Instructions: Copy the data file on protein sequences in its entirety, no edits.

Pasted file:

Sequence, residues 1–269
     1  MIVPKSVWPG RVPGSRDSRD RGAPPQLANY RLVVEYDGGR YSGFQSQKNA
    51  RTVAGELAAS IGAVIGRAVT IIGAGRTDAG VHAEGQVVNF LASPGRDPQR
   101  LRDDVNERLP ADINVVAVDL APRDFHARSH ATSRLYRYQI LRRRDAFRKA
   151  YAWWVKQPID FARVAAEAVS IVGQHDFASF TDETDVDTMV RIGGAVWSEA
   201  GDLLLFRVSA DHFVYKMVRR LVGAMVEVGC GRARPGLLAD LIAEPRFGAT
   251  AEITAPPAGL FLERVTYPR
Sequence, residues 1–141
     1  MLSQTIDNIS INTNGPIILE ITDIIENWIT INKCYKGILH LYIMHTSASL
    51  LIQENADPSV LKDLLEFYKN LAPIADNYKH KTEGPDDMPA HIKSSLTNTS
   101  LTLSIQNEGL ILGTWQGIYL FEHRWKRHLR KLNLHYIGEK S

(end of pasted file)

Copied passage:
Sequence, residues 1–269
     1  MIVPKSVWPG RVPGSRDSRD RGAPPQLANY RLVVEYDGGR YSGFQSQKNA
    51  RTVAGELAAS IGAVIGRAVT IIGAGRTDAG VHAEGQVVNF LASPGRDPQR
   101  LRDDVNERLP ADINVVAVDL APRDFHARSH ATSRLYRYQI LRRRDAFRKA
   151  YAWWVKQPID FARVAAEAVS IVGQHDFASF TDETDVDTMV RIGGAVWSEA
   201  GDLLLFRVSA DHFVYKMVRR LVGAMVEVGC GRARPGLLAD LIAEPRFGAT
   251  AEITAPPAGL FLERVTYPR
Sequence, residues 1–141
     1  MLSQTIDNIS INTNGPIILE ITDIIENWIT INKCYKGILH LYIMHTSASL
    51  LIQENADPSV LKDLLEFYKN LAPIADNYKH KTEGPDDMPA HIKSSLTNTS
   101  LTLSIQNEGL ILGTWQGIYL FEHRWKRHLR KLNLHYIGEK S